Friday, October 7

President Bush debates the terror masters: But why now?

In the longest speech he has ever given, yesterday President George W. Bush made specific retorts to arguments that cite Islamic principles as justification for terrorism. That is a first for an American president.

The extraordinary speech, given before the National Endowment for Democracy, represents other firsts as well. The speech:

> revealed the number of major al Qaeda plots that have been foiled since 9/11;

> clarified that US troops would not voluntarily withdraw from Iraq even if limited military objectives in the country were met; and

> restated the limited US "War on Terror" on al Qaeda's terms; i.e., publicly recognized al Qaeda's stated plans to establish a global caliphate via armed conquest of the West and framed the US response accordingly.

If that last sounds terribly ominous -- a de facto declaration of World War Three -- on the contrary. Bush's speech was simply a bow to the Arab Street, which has been buzzing with rumors that the US is planning to cut and run from Iraq -- and which has long held that the United States won't stay in the Middle East to see the larger job through and that the Bush administration is clueless about what al Qaeda is really up to in Iraq.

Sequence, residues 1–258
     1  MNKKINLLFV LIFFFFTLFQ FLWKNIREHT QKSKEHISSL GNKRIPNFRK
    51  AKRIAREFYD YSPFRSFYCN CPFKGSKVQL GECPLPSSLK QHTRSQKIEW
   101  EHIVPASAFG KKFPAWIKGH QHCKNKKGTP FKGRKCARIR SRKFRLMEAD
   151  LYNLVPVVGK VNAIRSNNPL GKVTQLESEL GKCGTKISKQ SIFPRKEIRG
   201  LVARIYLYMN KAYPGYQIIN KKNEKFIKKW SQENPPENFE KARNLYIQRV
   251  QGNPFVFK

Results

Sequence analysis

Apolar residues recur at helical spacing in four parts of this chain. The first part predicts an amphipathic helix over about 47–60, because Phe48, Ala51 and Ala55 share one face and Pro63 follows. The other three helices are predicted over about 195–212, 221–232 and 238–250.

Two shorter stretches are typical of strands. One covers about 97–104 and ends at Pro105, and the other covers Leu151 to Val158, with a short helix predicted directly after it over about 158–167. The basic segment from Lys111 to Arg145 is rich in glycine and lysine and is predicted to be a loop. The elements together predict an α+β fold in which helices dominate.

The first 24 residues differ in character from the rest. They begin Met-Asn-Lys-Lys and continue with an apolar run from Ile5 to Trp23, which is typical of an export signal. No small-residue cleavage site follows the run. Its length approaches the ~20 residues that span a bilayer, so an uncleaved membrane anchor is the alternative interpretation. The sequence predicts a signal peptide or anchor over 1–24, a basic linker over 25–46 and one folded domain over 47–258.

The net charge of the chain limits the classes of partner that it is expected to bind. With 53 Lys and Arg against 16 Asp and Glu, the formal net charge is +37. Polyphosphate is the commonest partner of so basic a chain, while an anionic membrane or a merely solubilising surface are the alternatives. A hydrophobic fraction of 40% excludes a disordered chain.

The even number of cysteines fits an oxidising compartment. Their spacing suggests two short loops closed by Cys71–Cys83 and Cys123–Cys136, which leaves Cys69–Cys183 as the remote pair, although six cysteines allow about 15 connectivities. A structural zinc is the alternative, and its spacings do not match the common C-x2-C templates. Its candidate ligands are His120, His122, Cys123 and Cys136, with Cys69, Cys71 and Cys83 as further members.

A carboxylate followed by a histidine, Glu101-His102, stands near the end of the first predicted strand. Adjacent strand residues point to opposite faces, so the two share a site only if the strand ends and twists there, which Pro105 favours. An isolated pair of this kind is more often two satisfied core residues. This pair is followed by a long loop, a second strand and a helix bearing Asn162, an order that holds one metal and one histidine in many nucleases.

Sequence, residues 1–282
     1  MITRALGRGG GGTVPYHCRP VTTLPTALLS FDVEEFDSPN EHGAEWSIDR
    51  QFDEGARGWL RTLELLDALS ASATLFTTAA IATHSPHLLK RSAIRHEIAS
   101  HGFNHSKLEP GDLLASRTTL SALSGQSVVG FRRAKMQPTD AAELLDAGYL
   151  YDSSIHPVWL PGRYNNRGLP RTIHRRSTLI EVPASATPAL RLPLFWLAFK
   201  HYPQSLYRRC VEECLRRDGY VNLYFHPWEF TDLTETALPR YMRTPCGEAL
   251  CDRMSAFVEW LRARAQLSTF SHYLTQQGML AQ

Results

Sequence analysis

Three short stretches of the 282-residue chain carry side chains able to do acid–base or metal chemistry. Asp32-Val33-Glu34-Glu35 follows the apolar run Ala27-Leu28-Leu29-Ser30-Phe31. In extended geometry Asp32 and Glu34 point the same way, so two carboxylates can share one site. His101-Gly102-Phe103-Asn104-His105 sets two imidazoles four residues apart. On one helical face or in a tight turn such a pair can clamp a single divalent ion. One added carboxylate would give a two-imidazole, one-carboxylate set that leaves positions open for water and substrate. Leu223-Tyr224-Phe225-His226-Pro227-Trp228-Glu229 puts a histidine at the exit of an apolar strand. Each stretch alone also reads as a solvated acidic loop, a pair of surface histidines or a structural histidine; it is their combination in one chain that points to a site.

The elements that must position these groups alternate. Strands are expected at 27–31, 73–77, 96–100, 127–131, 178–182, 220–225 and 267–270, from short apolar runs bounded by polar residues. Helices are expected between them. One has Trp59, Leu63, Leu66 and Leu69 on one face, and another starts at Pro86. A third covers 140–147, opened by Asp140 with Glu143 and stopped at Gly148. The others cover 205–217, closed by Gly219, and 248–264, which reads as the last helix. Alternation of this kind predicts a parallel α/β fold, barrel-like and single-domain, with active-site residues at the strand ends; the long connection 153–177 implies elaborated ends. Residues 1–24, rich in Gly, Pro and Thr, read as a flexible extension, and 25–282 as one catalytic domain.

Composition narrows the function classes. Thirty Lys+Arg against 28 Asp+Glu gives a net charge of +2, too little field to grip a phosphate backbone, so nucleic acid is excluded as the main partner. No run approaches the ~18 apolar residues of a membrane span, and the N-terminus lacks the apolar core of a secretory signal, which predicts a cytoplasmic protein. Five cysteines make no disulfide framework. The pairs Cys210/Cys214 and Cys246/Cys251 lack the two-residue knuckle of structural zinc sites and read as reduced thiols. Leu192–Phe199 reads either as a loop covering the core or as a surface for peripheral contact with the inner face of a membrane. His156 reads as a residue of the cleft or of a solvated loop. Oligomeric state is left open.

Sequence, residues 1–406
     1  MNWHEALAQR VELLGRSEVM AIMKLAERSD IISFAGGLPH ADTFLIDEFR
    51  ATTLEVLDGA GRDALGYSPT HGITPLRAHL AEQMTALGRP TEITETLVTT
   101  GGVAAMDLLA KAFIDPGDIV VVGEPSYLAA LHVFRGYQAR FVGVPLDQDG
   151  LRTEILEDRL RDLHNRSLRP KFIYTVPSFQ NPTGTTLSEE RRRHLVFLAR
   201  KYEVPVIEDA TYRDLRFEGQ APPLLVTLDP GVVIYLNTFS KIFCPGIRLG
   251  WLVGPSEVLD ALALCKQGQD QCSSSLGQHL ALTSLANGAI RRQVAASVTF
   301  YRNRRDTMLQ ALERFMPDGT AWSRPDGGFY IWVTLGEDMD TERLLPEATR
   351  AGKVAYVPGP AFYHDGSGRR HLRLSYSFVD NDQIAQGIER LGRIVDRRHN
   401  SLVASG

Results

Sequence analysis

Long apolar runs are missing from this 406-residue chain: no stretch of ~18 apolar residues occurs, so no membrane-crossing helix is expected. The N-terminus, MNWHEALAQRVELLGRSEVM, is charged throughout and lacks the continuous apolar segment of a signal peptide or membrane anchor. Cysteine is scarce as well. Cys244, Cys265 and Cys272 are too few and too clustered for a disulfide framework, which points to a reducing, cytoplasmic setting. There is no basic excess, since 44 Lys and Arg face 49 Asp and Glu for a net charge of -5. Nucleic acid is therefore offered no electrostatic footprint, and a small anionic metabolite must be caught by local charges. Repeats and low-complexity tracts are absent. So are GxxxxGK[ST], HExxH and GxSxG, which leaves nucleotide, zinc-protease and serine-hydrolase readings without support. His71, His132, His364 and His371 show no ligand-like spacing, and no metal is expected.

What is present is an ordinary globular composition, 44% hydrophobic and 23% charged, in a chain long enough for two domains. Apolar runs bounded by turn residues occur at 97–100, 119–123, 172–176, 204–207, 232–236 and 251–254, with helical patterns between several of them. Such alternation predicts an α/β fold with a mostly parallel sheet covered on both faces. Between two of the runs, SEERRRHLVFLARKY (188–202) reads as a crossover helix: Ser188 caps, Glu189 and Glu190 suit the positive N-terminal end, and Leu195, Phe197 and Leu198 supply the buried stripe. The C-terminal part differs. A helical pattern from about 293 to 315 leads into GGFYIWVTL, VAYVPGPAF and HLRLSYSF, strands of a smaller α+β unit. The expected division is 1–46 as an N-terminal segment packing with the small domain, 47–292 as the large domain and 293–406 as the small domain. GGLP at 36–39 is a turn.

So the speech was to set the rumors to rest, to give assurance that the United States is in for the long haul, and to demonstrate that the United States government is abreast of al Qaeda's plans.

The game is up in Iraq for al Qaeda and they know it. They made two critical miscalcuations:

> They didn't predict that His Honorable Eminence Grand Ayatollah Sayyid Ali Husaini Sistani would emerge as Iraq's George Washington. (No one could have predicted that.)

> They didn't factor in that the vast majority of Iraqi people, whose patience had been honed under Saddam's long brutal rule, would show such tenacity under the onslaughts of terrorist bombs.

All that's left now for the terror masters is to throw what's left of their bombs at innocent Muslims and stoke the rumor that the US is quitting Iraq at the first opportunity.

President Bush's ringing words yesterday will go a long way to quashing the rumor. And the US military working alongside Iraq's will run the varmits out of Iraq.

As for al Qaeda's talk about a global caliphate: on her "listening mission" in the Middle East, Under Secretary of State for Public Diplomacy and Public Affairs, Karen Hughes, listened very carefully with fresh ears (and her long experience as a professional reporter) to the many Muslims who advised her about their concerns. And she very carefully reported to President Bush all she was told. Pundita doubts she reported that what the world's Muslims want is to establish a global caliphate.

So I'd say the puppetmasters in Tehran have also miscalculated. They definitely got it wrong, if they assumed that no US President would ever dare confront the totalitarian cant in Wahabist dogma for fear of bringing on the wrath of the Muslim world. Americans, it's to be remembered, practically invented war against totalitarian regimes.

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